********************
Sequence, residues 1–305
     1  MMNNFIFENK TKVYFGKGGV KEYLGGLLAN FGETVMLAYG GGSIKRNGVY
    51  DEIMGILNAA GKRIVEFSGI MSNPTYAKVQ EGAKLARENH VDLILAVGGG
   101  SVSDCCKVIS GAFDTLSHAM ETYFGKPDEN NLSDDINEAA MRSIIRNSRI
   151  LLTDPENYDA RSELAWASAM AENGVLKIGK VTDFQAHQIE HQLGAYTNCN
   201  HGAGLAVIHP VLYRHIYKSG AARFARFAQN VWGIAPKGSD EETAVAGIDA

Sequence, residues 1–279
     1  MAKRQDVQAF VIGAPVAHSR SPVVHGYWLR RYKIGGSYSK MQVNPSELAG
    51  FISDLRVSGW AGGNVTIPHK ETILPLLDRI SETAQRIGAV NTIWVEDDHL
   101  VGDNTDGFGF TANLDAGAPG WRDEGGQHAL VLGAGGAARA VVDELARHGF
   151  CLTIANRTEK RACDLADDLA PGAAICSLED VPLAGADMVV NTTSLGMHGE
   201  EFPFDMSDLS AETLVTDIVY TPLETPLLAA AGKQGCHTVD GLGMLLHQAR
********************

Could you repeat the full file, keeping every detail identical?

Sequence, residues 1–305
     1  MMNNFIFENK TKVYFGKGGV KEYLGGLLAN FGETVMLAYG GGSIKRNGVY
    51  DEIMGILNAA GKRIVEFSGI MSNPTYAKVQ EGAKLARENH VDLILAVGGG
   101  SVSDCCKVIS GAFDTLSHAM ETYFGKPDEN NLSDDINEAA MRSIIRNSRI
   151  LLTDPENYDA RSELAWASAM AENGVLKIGK VTDFQAHQIE HQLGAYTNCN
   201  HGAGLAVIHP VLYRHIYKSG AARFARFAQN VWGIAPKGSD EETAVAGIDA

Sequence, residues 1–279
     1  MAKRQDVQAF VIGAPVAHSR SPVVHGYWLR RYKIGGSYSK MQVNPSELAG
    51  FISDLRVSGW AGGNVTIPHK ETILPLLDRI SETAQRIGAV NTIWVEDDHL
   101  VGDNTDGFGF TANLDAGAPG WRDEGGQHAL VLGAGGAARA VVDELARHGF
   151  CLTIANRTEK RACDLADDLA PGAAICSLED VPLAGADMVV NTTSLGMHGE
   201  EFPFDMSDLS AETLVTDIVY TPLETPLLAA AGKQGCHTVD GLGMLLHQAR